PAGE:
Cancer is never good news but some can be more dangerous than others. When it comes to skin cancer the most consistently lethal type is melanoma, which itself comes in various forms. Melanoma is a leading cause of death amongst skin cancer patients despite being less common than other forms of skin cancer. Given its frequency in the West (including North and South America, and Europe), it’s important to know the signs, symptoms, treatment options and risk factors relating to melanoma. Today we’ll go over each of these in brief starting with risk factors.
Risk Factors for Melanoma
Two of the most basic risk factors for melanoma are largely out of most patients’ control. The first is location, melanomas occur frequently in Europe, North and South America, and Southern Africa due to frequent and intense exposure to the sun in these locales. The second is sex related, melanomas occur more often in women than in men. living in one of these places or being a woman (or even living in one of these places and being a woman) doesn’t mean you’ll end up with melanoma. It does mean however that you should take a little extra care when you spot something weird going on with moles on the surface of your skin.
A third significant risk factor is a hereditary condition known as atypical mole syndrome or dysplastic nevus syndrome. Patients with the condition have a large number (usually more than fifty) of moles many of which are dysplastic (a histological term that for our purposes just means they’re different from normal moles). These moles are more likely to undergo malignant transformation and become melanomas and people with the syndrome are more likely to generate new malignant moles as well. If you fall into this category it’s important to have your moles regularly examined and to take careful note of any new ones that pop up.
The other most important risk factor is relatively easy to control is exposure to sunlight. The National Cancer Institute recommends staying out of the sun between 10AM and 4PM, wearing a wide-brimmed hat and using sunscreen whenever possible. Tanning booths are also obviously out of the question if you want to minimize your risk of melanoma.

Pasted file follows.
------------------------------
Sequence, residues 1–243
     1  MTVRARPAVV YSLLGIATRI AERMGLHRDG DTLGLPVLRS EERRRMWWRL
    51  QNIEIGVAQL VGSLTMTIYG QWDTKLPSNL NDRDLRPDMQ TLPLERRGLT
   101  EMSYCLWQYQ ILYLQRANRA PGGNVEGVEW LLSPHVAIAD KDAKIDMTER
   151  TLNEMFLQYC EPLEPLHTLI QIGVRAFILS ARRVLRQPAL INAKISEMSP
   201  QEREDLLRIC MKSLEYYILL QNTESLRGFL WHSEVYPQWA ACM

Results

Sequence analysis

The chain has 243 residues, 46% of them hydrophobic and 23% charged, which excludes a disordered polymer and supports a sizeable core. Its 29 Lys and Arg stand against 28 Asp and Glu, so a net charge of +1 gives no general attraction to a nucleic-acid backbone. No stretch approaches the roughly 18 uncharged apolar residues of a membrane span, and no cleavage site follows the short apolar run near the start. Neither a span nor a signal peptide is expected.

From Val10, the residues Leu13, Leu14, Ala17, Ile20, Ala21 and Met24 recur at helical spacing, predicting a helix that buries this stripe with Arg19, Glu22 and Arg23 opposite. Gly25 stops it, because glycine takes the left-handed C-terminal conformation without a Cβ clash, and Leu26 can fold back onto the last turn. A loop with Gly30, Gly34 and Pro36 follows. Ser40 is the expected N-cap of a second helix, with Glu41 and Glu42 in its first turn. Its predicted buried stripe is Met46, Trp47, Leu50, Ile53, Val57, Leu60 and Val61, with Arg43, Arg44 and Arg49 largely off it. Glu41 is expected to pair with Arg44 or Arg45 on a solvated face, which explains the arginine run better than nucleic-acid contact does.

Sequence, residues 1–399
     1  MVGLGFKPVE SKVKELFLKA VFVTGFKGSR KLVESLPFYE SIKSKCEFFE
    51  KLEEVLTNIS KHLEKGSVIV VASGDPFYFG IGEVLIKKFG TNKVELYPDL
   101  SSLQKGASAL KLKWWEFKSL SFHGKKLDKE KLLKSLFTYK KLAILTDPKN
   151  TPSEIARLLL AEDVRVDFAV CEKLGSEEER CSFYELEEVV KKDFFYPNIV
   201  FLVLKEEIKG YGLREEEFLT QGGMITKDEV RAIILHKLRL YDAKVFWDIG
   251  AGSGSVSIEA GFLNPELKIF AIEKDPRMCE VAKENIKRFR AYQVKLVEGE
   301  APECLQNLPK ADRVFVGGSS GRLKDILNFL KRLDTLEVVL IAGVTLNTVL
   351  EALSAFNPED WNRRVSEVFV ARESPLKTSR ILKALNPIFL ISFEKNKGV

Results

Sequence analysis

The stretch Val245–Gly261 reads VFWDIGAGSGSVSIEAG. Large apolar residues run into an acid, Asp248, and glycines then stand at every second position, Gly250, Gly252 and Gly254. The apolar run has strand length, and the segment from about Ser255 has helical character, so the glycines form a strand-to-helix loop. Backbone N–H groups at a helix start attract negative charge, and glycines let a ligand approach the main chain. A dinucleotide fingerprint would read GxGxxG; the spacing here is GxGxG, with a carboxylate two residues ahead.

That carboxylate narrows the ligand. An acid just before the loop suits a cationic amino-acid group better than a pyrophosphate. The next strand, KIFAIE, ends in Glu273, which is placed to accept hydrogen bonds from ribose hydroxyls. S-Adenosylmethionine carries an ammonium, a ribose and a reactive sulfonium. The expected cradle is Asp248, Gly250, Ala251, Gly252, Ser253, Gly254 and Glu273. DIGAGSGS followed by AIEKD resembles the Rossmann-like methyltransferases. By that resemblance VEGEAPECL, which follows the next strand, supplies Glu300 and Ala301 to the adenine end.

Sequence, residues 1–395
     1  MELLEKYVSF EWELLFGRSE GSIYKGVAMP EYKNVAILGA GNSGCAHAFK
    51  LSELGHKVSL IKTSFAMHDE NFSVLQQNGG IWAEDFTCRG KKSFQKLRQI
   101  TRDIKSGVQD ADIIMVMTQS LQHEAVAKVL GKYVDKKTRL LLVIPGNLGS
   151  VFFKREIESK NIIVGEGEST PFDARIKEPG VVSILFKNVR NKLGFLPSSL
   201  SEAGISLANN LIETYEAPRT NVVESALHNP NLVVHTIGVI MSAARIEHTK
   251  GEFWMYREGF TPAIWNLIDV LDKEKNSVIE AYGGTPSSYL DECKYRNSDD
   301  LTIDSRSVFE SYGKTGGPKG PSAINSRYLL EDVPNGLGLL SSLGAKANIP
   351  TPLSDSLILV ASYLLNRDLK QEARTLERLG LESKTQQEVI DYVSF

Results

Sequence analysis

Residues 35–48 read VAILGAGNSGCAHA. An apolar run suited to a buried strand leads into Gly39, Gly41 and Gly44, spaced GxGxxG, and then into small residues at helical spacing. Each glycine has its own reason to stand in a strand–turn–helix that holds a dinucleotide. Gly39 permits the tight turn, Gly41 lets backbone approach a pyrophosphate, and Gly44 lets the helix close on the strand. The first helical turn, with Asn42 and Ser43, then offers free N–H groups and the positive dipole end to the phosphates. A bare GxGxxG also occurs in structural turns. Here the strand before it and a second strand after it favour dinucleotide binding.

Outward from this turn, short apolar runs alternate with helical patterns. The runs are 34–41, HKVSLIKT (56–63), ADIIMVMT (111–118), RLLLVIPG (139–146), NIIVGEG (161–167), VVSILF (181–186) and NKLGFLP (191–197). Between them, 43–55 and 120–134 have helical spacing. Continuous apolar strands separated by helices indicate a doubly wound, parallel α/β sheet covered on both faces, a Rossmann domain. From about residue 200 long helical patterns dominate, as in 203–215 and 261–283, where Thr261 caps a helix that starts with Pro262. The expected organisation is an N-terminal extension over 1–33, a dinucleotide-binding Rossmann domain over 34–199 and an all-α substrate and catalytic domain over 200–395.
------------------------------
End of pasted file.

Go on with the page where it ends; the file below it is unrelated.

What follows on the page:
The most common melanomas affect moles on the skin, so it’s important to keep an eye on these. Melanoma is usually distinguished by the ABCDE mnemonic. Moles that are asymmetrical have irregular borders, color and large diameter and evolve over time display early signs of melanoma. They should be evaluated as soon as noticed to ensure any problems can be caught early. Nodular melanoma has a different set of characteristics they are elevated, firm and growing (the so-called EFG mnemonic characteristics).
Only a dermatologist is qualified to formally diagnose melanoma but it’s important to keep a lookout for anything new, weird or painful going on with your moles. If they seem to be growing, becoming discolored or are painful and itchy, you should probably get them checked out if only to be safe.
More advances melanomas might display more aggressive symptoms. The itching and pain mentioned above are two of these bleeding, ulceration and the emission of pus are others. At this point there’s definitely something wrong even if not cancer so there should be no delay whatsoever in seeing a specialist who can evaluate the problem.
Treatment options for melanoma depend on the severity of the cancer and the stage at which it is caught. Melanoma caught early can be surgically removed and if early is early enough recurrence is rare. If however the melanoma does recur or metastasizes to other parts of the body, all the traditional treatment options become relevant. These include chemotherapy, immunotherapy and radiation therapy, some of which (chemo in particular) can be brutal and all of which are exhausting. Of course, if there’s no other choice it’s far better to go through with the treatment than to let the cancer run its course But the nature of cancer treatment makes clear that it’s important to keep an eye peeled on what’s going on with your body so you won’t have to endure it.